Back in the gym...
I had my first workout today, but I still have work to post from my week of sickness/coding.
I started to work my way up from the first available SRM in the Arena. (only 10 years worth of competitions ahead)
This is the third set of problems I have solved.
Official Pages
Here is the official page of the competition.
And this is the editorial page.
Lets check 'em solutions out...
Task: Yahtzee
Problem Statement 

This task is about the scoring in the first phase of the diegame Yahtzee, where five dice are used. The score is determined by the values on the upward die faces after a roll. The player gets to choose a value, and all dice that show the chosen value are considered active. The score is simply the sum of values on active dice. Say, for instance, that a player ends up with the die faces showing 2, 2, 3, 5 and 4. Choosing the value two makes the dice showing 2 active and yields a score of 2 + 2 = 4, while choosing 5 makes the one die showing 5 active, yielding a score of 5. Your method will take as input a int[] toss, where each element represents the upward face of a die, and return the maximum possible score with these values.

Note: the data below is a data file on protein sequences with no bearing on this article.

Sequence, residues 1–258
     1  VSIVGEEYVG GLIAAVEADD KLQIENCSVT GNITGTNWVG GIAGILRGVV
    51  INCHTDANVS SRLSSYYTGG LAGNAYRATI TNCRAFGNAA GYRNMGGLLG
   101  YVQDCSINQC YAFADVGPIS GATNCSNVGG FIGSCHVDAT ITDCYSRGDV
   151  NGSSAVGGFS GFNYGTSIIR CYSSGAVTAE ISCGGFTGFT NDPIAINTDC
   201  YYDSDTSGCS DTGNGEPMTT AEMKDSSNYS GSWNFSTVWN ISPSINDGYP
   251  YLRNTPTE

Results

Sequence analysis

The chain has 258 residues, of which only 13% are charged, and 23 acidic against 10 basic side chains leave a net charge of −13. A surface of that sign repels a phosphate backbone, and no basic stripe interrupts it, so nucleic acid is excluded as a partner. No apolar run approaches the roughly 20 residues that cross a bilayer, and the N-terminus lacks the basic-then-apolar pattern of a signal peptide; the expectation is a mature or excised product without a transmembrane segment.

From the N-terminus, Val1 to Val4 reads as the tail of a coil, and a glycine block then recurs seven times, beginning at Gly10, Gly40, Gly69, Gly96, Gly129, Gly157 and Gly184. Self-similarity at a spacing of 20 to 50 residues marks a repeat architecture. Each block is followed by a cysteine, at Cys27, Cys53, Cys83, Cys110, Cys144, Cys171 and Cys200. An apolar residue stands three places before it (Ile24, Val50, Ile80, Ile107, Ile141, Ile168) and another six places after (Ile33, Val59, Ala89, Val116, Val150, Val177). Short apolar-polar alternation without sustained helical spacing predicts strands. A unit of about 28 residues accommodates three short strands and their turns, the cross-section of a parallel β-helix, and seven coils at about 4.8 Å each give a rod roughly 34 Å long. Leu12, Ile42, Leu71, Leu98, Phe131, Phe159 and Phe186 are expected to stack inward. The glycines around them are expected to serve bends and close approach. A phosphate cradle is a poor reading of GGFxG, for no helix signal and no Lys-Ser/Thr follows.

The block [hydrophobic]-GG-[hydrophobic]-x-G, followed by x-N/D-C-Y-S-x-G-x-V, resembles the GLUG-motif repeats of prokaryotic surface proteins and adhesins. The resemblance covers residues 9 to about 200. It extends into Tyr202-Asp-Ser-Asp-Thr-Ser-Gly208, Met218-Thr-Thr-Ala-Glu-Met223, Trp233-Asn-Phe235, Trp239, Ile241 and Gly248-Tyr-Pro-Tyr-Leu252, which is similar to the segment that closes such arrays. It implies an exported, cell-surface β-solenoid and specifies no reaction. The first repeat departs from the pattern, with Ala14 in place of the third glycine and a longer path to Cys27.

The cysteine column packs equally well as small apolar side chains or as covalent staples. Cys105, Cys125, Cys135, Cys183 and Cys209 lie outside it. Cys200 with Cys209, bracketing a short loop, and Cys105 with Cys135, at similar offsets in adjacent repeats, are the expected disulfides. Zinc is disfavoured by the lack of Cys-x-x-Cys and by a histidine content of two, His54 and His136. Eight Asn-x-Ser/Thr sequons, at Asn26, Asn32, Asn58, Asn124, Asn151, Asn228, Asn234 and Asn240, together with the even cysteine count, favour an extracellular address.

Definition 



Constraints 

  toss will contain exactly 5 elements.  
  Each element of toss will be between 1 and 6, inclusive.  
Examples 

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This problem statement is the exclusive and proprietary property of TopCoder, Inc. Any unauthorized use or reproduction of this information without the prior written consent of TopCoder, Inc. is strictly prohibited. (c)2003, TopCoder, Inc. All rights reserved.
Solution
using System; class YahtzeeScore { public int maxPoints(int[] toss) { int[] faces = new int[6]; int highest = 0, face, index; for (int i = 0; i < 5; i++) { face = toss[i]; index = face  1; faces[index] += face; if (faces[index] > highest) { highest = faces[index]; } } return highest; } }